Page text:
This happens even if the vistor uses IE. He can see nothing but that title page.
It is NOT the duty of a visitor to persist when faced with such a situation. He is not looking for gold or for a favour from the school.
If a school or a webdesigner want their site to be seen, they must make access easy. They must not bolt the front door, as this designer has done, for the sole purpose of providing a pretty and conspicuous door bell which does not ring.
The ire of the school's IT Coordinator is entirely misplaced. She ought to direct her anger at her web designer, not at the visitor (RTC Webdesign) who, VERY POLITELY, merely pointed out that her front door was locked and offered to fix the problem for her. back to contents
With Java enabled, the visitor sees the 'Click here to enter'. This gives access to the site. However, the next page takes inordinately long to open because of the confused coding and because it has been spiked with unnecessary animations and scripts. back to contents
In spite of their current ubiquity on indifferent websites, animations have (unless used for specific justifiable purposes) not much to commend them, but several arguments against them.
They may raise a chuckle the first or fifth time you see them, but after that, more often than not, the chuckle turns into bored irritation.
Uninformed viewers may be impressed by the cleverness of the designer who put the animation into his website. They do not know that it does not require much skill to take an animation from another website and glue it into one's own.
If the designer wants to attract attention to a certain part of the page, there are many other graphic devices available for the same purpose, such as colour, shape, font, symbols, layout, etc. These do not cause the same problems which are caused by the indiscriminate use of animations.
If animations are used at all, they should (like underlining in books) be used sparingly, otherwise they lose their effectiveness.
In particular they should never form an ***essential*** part of the site, e.g. they should not be part of the navigation structure (links, menu buttons).
Questionable constructs (animations, Applets, etc) should never sit anywhere where the site breaks down if the animation (or comparable construct) does not work.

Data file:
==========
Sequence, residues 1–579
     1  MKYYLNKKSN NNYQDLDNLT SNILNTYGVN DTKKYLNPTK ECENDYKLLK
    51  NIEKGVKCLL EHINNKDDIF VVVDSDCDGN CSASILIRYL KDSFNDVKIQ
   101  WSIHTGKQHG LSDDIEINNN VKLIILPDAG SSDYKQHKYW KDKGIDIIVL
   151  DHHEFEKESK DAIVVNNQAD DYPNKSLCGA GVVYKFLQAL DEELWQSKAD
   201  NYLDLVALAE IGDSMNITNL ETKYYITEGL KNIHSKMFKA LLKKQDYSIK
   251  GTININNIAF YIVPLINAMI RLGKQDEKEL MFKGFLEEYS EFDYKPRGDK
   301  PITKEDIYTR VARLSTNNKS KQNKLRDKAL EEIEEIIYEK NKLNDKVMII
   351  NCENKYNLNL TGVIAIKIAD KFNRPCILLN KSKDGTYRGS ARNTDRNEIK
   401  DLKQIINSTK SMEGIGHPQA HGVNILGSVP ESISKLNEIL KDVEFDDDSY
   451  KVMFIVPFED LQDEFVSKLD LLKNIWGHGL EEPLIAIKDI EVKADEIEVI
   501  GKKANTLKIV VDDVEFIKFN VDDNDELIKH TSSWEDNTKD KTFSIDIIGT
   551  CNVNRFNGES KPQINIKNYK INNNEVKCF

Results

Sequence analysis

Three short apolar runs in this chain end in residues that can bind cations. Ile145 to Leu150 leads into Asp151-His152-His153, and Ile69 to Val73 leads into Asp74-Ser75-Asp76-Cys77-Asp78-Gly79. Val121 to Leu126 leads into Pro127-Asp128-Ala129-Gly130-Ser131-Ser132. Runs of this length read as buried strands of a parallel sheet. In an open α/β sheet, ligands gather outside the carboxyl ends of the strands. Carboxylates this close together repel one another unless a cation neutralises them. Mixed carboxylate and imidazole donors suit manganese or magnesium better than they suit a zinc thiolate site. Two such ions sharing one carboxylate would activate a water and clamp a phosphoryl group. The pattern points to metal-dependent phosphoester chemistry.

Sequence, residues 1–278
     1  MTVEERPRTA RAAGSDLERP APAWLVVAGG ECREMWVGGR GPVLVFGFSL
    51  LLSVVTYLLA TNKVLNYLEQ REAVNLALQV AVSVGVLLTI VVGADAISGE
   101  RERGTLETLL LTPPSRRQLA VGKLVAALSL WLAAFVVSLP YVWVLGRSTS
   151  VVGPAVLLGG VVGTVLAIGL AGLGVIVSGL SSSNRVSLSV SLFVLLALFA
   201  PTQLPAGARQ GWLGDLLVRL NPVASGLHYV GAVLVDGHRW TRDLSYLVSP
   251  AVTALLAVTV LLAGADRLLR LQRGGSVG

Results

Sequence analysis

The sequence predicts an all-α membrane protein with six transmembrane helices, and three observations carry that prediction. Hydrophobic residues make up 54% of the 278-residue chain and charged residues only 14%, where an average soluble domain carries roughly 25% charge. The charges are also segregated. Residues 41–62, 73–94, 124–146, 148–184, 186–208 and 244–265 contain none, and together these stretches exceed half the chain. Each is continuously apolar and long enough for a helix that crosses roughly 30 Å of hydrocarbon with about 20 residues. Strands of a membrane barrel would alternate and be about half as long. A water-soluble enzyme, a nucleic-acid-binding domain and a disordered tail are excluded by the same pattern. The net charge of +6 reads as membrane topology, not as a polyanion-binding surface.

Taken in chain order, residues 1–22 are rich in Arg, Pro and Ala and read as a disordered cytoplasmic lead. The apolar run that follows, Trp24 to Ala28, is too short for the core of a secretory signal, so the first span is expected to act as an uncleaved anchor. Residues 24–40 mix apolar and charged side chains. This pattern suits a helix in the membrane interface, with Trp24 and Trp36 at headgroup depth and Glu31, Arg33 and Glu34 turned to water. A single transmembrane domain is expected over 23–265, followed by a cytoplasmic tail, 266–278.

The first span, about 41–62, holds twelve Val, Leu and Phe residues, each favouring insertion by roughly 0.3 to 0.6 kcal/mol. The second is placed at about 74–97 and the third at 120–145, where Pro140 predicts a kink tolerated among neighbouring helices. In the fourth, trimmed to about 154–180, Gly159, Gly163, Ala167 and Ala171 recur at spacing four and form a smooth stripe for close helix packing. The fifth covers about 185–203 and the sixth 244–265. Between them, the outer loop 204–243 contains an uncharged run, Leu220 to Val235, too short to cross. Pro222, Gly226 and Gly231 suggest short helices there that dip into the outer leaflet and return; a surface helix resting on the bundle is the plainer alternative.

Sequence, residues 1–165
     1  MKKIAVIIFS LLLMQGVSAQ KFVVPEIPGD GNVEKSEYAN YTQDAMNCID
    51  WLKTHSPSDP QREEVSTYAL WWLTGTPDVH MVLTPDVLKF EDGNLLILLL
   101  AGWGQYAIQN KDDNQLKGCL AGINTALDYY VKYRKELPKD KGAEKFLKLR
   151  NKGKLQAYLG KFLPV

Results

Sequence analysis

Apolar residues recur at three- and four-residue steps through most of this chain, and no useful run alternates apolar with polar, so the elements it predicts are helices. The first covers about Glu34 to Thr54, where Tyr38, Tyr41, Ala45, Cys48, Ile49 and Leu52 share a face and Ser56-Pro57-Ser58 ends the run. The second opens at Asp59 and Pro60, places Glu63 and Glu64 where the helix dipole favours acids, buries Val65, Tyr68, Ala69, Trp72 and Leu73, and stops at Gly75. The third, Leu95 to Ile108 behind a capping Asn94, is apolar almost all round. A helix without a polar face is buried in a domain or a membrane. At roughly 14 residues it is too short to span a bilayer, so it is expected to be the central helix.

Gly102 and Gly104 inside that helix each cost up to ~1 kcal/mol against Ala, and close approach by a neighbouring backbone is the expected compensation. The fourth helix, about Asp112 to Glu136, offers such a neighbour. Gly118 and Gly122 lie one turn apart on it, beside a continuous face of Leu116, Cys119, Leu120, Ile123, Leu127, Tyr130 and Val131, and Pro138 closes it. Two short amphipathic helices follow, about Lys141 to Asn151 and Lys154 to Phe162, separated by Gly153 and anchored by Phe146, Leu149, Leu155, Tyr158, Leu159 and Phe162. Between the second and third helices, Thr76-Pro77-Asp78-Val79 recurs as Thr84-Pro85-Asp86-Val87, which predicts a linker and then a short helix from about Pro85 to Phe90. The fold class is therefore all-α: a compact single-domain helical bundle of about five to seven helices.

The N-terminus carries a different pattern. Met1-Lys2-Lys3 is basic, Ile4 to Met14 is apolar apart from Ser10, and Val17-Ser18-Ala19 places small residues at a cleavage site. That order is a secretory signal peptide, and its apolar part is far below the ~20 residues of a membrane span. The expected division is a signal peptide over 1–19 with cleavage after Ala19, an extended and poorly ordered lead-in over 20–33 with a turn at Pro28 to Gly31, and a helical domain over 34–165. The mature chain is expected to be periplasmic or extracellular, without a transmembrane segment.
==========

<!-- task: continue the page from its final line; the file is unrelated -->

The guiding principle for the XXX site seems to have been: 'Why use a simple solution if there is a complicated one!' back to contents
There are a number of arguments against the use of animations.
Ordinary html text is embedded into Applets when simple links would have sufficed.
The site abounds in scripts and other elements (including animations) which the designer has taken indiscriminately from other parts of the internet and embedded into his own site, without checking on whether they can be viewed on browsers other than the notoriously insecure Internet Explorer.
There is at least one such construct where the author (not the designer of the XXX site) himself states in his documentation that this routine 'does not yet work'. Nevertheless it was taken unchecked and glued into the XXX site.
It goes without saying that the site does not satisfy the government's accessibility criteria for websites, e.g. it does not work with screen readers used by blind people to access websites. back to contents
My brief was to investigate the technical aspects of the site, not its contents. Therefore my notes on these can be brief. Those viewers fortunate enough to be able to get past the barricade put up on the title page (making entry impossible for many visitors) and to avoid the minefields inside the site, will find a lot of information, and the site appears to be up to date. One can argue about the aesthetics of the site (choice of colours, fonts, lay-out, general appearance).
The site is sometimes very slow to load and at times throws up error messages in Task Manager ('Not running') due to the confused code that has been used.
The main navigation bar inside the site is clear and works, but the colours on roll-overs are sometimes badly chosen and make the texts unreadable. back to contents
The guestbook is full of complimentary remarks from children, many of whom will, of course, have accessed it with the one browser with which it undoubtedly works.
In the light of so much praise, it is difficult to understand why the school's IT Co-ordinator should be so touchy when just one uncool visitor to the site politely states that he can only see one page and offers to fix the problem.
Is not a single discordant voice allowed in this Hallelujah chorus of approval? This site 'shall reign for ever and ever'? back to contents
Uninformed visitors, such as children and their parents, are easily impressed by websites of their own schools.
The richest website is no good if it cannot be seen.
This site has been validated and conforms to
the "HTML 4.01 Strict!" standard.